Friday, March 19, 2010


…against Manmohan Singh the politician. Everybody knows that bureaucrats – by definition, instinct, training and mindset – are incapable of leading revolutions. Forget revolution, the chances of bureaucrats initiating and nurturing even substantive change are about as high as Dr. Manmohan Singh personally contesting the next Lok Sabha elections against Sonia Gandhi. And in a dysfunctional democracy like India where bureaucrats are simply not accountable to absolutely anybody except their own old boys club, it would be folly to expect them to actually behave and perform like ‘public servants’. There have been notable and noble exceptions no doubt; but they have been exceptions. No matter how deeply fl awed they are, it is politicians who deliver change in a democracy – for better or for worse. And no matter how dysfunctional Indian democracy is, politicians have realised that they are indeed accountable to voters. So it is Jawaharlal Nehru and B. R. Ambedkar who first empowered a majority of Indian women by giving Hindu women property rights. It is Indira Gandhi who nationalised banks and abolished privy purses. It is the feisty George Fernandes who ‘threw’ Coke and IBM out of India. It is Rajiv Gandhi who preferred technocrats over bureaucrats to seed the revolution in India’s IT and telecom sectors. Sadly, it is Rajiv Gandhi who listened to terrible advice and made the Parliament deny alimony to Shah Bano. It is Madhav Rao Scindia who originally transformed Indian Railways. It is V. P. Singh who unleashed the Mandal genie. It is Atal Behari Vajpayee who took the nuclear leap of faith and unleashed a vision to modernize Indian roads and highways. It is Sonia Gandhi who compelled the government of the day to introduce historic policies like NREGS, RTI and now the Women’s Reservation Bill. And it is Kapil Sibal who seems determined to transform the rotten education system of India.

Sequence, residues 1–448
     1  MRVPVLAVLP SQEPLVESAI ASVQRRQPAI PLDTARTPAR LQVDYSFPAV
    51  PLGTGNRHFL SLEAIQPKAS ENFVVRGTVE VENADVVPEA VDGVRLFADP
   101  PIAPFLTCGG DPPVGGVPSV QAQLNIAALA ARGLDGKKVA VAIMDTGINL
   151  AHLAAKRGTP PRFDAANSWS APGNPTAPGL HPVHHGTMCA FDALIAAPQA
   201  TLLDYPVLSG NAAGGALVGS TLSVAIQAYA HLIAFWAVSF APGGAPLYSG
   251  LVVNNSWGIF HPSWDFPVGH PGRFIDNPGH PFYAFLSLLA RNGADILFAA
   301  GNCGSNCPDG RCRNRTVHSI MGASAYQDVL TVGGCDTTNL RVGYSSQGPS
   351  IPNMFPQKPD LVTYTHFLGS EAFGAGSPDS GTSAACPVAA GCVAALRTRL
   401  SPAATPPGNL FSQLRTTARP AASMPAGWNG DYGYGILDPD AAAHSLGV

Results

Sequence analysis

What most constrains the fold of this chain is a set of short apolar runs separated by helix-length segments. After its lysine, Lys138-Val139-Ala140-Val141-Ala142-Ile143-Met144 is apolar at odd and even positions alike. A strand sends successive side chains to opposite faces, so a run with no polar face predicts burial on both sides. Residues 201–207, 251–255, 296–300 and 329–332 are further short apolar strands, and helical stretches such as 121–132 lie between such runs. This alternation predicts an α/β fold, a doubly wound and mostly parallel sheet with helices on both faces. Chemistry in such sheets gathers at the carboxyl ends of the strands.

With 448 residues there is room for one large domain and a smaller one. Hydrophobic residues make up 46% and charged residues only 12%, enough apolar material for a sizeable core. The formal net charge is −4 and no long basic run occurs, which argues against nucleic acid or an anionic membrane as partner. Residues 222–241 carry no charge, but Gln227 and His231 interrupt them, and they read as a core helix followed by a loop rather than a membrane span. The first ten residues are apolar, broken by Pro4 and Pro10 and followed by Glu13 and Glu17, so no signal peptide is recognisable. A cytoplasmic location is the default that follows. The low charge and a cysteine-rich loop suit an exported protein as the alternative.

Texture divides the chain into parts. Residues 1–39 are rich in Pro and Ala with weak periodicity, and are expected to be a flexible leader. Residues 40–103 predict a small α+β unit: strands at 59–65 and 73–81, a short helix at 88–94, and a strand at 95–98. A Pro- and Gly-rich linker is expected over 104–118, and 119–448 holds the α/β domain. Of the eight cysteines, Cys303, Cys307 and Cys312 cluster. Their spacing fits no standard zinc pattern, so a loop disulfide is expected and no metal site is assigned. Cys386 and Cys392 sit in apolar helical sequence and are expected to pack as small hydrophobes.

You may well wonder why I am stating the obvious and then following it up with a swathe of examples to stress the obvious. There is a reason. When Dr. Manmohan Singh became the Prime Minister of India in 2004, discerning analysts had already figured out that there would be a titanic in house battle between Dr. Singh the quintessential bureaucrat and Manmohan Singh the reluctant politician. All those who genuinely wished India well, earnestly hoped that the reluctant politician would score over the hard core bureaucrat when matters really came to a head. Indeed, the manner in which he behaved like a ‘politician-statesman’ when it came to Indo-Pak ties and the Indo-US Nuclear Deal, prompted many breathless pundits to proclaim that a canny and ruthless politician lurked behind the docile and oft en timorous façade.

But I think that ‘manufactured’ image itself is a façade. Many decisions and moves have convinced me that the bureaucrat usually scores over the politician. I will cite just some of them. Dr. Singh allowed bureaucrats to willfully humiliate the armed forces during the Sixth Pay Commission rip-off . He allowed massive Sixth Pay Commission pay hikes for bureaucrats without asking for even an iota of accountability. He did not publicly oppose the move by bureaucrats to remove ‘file notings’ from the purview of RTI. He seems to publicly support the argument of the judiciary to exempt top judges from RTI. And look at how his team introduced the deeply fl awed and anti-Indian Nuclear Liability Bill.

But then, I don’t blame Dr. Singh at all. I think we all expected too much from a retired bureaucrat!


1 comment:

  1. i do agree with u.......politics changes the people....then why do Dr. singh is the exception